Why are racist, xenophobic campaigns winning in West?

By Salman Azami
MANCHESTER, England


There is a genuine sense of disenfranchisement towards political establishments in the western world, but unfortunately people’s anger and frustrations are leading to voting patterns that are deeply worrying for those who believe in equality, justice and freedom.


Last week, a political earthquake struck the most influential nation in the world, and the whole world felt its tremor.


Donald Trump, a business tycoon with no previous experience of political administration, is now to become not only the most powerful man in the world, but also one of the most powerful presidents in recent U.S. history due to the Republican Party’s stronghold in both houses of Congress.


There is no doubt he won fair and square through America’s political process and that he has the legitimate right to take over the White House on Jan. 20 next year.


However, the American electorate’s support towards his language of racism, xenophobia, misogyny and Islamophobia does little to comfort those who may end up on the receiving end of this hatred.


The attitude that white Americans are somewhat superior to other races and ethnicities is about to become institutionalized in a country towards which the whole world looks.


I find it astonishing that in his first major interview after winning the election, President-elect Donald Trump said he did not expect the rise of racist and Islamophobic attacks in the U.S.


Although it is good that he asked people to stop these attacks, why he is unable to understand the rise of xenophobia is surprising. Didn’t he himself provide these people with the inspiration and provocation during his election campaign?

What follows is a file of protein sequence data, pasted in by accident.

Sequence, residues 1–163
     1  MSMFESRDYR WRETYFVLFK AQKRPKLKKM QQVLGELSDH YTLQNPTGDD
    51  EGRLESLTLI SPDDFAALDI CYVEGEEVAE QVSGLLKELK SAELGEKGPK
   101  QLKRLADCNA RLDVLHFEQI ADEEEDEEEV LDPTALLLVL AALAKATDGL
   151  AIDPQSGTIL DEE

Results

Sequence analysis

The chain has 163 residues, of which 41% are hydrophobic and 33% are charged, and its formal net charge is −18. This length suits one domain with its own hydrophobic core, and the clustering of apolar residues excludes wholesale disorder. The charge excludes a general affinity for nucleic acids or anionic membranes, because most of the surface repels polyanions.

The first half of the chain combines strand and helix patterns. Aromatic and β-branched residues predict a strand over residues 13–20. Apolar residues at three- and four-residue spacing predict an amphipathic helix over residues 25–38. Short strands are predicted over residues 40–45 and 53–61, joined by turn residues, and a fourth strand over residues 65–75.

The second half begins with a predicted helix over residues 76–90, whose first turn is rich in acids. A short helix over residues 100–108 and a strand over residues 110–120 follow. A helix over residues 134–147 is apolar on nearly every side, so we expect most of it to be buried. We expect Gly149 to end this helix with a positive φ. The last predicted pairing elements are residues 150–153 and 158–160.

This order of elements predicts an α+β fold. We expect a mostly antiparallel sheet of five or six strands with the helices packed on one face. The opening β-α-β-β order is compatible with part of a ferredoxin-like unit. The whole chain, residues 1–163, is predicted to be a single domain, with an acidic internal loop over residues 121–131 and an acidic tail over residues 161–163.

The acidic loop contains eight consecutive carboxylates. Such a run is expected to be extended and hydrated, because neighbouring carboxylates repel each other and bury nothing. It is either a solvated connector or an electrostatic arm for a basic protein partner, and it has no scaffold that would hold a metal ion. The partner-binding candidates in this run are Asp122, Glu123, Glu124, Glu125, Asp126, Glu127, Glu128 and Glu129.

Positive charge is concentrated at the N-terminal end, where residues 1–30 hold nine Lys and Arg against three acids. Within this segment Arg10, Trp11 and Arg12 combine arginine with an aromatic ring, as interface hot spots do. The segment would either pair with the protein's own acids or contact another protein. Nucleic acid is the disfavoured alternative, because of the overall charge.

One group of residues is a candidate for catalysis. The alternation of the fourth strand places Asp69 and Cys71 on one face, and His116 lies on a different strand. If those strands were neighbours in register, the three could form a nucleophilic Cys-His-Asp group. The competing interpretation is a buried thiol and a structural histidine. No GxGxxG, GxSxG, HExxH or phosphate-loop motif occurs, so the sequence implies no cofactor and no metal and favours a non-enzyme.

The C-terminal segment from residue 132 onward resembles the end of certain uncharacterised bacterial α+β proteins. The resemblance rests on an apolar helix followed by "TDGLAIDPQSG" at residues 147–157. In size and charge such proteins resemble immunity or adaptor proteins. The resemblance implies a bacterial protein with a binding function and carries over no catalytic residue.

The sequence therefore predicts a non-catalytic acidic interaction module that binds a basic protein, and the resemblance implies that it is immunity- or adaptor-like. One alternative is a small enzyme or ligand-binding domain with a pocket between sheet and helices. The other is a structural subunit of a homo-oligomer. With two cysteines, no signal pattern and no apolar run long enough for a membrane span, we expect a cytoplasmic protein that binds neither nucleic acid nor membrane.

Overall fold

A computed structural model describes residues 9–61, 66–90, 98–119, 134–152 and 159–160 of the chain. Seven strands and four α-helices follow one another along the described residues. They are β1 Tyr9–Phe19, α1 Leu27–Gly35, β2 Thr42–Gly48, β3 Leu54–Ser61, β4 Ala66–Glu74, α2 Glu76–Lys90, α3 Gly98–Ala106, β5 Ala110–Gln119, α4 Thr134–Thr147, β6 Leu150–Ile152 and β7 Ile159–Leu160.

When the leader of the openly racist Ku Klux Klan describes Trump’s win as “our victory”, it is a dreadful thought for anyone with the minimum virtue of equality and justice.


We witnessed similar scenes in Britain after the Brexit vote when the ethnic-minority population became victims of hatred and xenophobia. Those attacks can also be linked to the types of rhetoric used during the referendum campaign.


There are worries that the far-right in Germany and France may do well in next year’s elections in those two important European countries, with the fear that France may even elect Marine Le Pen as its next president.


Why are these racist and xenophobic campaigns turning out to be so successful? I find it difficult to believe that suddenly the majority of the British and American peoples have become racists. What seems to be the emerging trend is that white working-class people are increasingly frustrated for being left behind by the political elites.


People are angry and disappointed that politicians do not understand their concerns. Financial crises in the last few years have hit the working class the most.


On the other hand, many people are witnessing ever-increasing demographic changes within their regions, which are making them uncomfortable. The Syrian war, the refugee crisis in Europe and the failures of western governments to deal with these problems have all exacerbated the frustrations of these people.


Opportunists


Right-wing opportunists have tapped into these frustrations and anger and started to put the blame on everyone else for the misery of disenfranchised groups. Armed with strong nationalistic language and an anti-establishment agenda, these politicians have found a niche market where they can pass on their hatred to an angry population and gain political success.